When authors like Berlitz and others were unable to refute Kusche’s findings, even the most steadfast of believers had difficulty remaining confident in the sensationalized Bermuda Triangle narrative.
Nevertheless, many magazine articles, TV shows, and movies have continued to feature the Bermuda Triangle.
After all, no bodies or wreckage had yet been discovered. Gaddis—who coined the term “Bermuda Triangle”—wrote an article saying over 1000 lives had been claimed by the area.
He also agreed that it was a “pattern of strange events.” The Bermuda Triangle obsession hit its peak in the early 1970s with the publication of several paperback books about the topic, including the bestseller by Charles Berlitz, .
The Bermuda Triangle’s bad reputation started with Christopher Columbus.
According to his log, on October 8, 1492, Columbus looked down at his compass and noticed that it was giving weird readings.
In 2005, the Coast Guard revisited the issue after a TV producer in London inquired about it for a program he was working on.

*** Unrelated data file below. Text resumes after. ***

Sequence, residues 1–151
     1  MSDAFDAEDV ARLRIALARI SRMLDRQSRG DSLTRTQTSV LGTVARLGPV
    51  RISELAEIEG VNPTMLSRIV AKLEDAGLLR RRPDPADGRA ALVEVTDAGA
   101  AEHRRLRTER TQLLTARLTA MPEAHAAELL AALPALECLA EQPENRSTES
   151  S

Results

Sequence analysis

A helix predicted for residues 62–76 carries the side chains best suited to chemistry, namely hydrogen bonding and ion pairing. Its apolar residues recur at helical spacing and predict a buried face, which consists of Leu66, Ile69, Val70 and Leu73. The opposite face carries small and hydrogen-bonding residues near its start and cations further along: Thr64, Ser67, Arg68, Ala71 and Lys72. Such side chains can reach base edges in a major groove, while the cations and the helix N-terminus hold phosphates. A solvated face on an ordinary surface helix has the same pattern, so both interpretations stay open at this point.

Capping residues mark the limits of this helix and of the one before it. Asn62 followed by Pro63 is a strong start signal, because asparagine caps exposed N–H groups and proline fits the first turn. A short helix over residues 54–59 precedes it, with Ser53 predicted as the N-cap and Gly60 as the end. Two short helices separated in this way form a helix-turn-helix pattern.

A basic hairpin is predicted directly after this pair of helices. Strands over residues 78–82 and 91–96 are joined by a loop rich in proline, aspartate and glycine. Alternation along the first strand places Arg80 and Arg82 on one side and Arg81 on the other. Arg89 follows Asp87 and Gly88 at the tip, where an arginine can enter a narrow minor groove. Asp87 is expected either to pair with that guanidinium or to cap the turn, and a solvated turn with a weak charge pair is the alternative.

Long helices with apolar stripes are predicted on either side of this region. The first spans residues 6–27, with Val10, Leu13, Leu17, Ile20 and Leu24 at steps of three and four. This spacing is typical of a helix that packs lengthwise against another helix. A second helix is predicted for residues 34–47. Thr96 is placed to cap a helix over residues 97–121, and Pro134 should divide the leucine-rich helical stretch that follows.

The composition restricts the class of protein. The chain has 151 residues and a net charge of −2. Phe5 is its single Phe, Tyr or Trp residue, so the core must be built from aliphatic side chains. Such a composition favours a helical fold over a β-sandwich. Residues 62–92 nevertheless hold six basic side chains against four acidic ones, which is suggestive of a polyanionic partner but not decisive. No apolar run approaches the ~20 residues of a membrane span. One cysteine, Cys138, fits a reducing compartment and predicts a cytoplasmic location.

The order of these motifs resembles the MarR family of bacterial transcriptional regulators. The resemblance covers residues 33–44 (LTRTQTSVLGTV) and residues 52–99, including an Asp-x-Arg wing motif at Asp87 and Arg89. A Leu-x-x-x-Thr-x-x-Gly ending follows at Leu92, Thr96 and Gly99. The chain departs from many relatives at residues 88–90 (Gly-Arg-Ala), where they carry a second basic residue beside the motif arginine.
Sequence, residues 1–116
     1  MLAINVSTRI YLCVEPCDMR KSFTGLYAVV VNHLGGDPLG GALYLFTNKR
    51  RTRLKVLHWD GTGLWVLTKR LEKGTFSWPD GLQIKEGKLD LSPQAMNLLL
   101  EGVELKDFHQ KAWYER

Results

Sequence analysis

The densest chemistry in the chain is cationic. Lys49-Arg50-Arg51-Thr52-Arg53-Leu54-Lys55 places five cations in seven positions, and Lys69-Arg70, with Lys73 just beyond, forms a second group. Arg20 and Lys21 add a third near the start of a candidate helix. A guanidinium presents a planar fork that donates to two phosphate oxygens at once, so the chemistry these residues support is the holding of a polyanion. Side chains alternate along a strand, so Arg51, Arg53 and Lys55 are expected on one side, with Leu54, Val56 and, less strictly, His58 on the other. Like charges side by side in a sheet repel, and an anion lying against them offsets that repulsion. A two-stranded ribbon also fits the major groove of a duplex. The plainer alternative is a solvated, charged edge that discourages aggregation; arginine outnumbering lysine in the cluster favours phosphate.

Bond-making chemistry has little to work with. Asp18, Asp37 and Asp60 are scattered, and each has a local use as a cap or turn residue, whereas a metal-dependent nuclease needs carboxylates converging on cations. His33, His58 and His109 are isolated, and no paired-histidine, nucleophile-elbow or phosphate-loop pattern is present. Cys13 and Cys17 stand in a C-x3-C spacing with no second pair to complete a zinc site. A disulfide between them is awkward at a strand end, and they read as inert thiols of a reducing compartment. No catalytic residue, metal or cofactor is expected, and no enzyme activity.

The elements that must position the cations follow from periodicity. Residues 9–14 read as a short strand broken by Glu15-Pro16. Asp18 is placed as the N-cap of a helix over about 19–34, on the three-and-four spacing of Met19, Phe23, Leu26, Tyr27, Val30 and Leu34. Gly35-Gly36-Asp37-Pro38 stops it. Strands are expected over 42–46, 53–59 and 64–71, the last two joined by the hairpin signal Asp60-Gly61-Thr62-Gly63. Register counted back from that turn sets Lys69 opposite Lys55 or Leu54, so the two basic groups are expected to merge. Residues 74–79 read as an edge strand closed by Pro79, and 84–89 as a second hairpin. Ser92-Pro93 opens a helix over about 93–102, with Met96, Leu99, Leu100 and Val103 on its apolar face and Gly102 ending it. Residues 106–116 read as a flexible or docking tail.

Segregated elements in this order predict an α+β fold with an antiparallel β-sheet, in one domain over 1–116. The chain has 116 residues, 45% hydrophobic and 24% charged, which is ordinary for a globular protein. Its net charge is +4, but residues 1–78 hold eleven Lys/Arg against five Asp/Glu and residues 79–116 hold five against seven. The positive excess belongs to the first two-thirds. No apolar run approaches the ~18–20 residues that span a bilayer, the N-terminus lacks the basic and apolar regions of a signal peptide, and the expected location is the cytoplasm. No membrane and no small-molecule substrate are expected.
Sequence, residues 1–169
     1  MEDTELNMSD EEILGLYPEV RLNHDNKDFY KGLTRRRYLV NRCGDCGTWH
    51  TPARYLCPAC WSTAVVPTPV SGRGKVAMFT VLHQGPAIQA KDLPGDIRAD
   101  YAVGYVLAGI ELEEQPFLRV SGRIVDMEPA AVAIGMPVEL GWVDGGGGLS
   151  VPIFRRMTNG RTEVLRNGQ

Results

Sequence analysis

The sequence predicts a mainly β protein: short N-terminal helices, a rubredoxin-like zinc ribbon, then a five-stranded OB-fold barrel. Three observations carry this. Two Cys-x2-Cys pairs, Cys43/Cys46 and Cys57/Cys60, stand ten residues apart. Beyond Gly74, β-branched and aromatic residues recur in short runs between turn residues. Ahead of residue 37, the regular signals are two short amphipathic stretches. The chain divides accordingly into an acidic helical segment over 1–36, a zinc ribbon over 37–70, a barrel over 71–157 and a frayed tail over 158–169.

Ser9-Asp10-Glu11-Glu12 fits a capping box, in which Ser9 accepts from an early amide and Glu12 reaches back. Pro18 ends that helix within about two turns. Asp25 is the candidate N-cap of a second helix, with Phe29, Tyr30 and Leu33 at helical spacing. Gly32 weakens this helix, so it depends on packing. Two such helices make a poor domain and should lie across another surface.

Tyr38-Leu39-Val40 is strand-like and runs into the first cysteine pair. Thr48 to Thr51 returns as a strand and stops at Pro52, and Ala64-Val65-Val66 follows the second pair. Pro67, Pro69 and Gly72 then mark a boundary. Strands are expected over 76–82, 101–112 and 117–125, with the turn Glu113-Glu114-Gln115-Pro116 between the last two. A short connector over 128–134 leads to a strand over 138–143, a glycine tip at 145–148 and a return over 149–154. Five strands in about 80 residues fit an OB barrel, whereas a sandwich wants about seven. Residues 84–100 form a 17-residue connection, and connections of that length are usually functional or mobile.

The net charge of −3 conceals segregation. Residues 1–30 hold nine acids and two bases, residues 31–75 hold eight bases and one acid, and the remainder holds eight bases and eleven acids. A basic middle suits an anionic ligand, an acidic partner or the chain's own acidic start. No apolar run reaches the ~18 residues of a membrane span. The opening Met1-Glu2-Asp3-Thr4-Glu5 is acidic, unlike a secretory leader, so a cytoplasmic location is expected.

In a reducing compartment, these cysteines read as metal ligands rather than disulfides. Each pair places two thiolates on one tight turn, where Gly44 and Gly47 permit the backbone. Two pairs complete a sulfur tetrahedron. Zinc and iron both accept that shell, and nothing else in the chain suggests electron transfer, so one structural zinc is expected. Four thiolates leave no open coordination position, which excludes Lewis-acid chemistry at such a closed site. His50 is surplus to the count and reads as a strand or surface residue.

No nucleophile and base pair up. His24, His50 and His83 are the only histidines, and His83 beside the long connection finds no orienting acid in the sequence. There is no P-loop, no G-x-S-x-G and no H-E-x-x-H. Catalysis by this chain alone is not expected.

In this case, they correctly changed their tune about the magnetic field bit stating, Many explanations have cited unusual magnetic properties within the boundaries of the Triangle.
Because the number of disappearances in the Bermuda Triangle is no greater than any other similarly trafficked area of the world’s oceans, they don’t really need an explanation.
But if you’re still convinced that the Triangle is a ship graveyard, relative to other regions that get around the same number of travelers, here are some natural explanations from the Coast Guard to combat some of the “alien” and other fantastical theories.
This and other reported compass issues in the region gave rise to the myth that compasses will all be off in the Triangle, which isn’t correct, or at least is an exaggeration of what is actually happening as you’ll see. The amount of variation changes by as much as 20 degrees as one circumnavigates the earth.
If this compass variation or error is not compensated for, a navigator could find himself far off course and in deep trouble.
Although the world’s magnetic fields are in constant flux, the “Bermuda Triangle” has remained relatively undisturbed.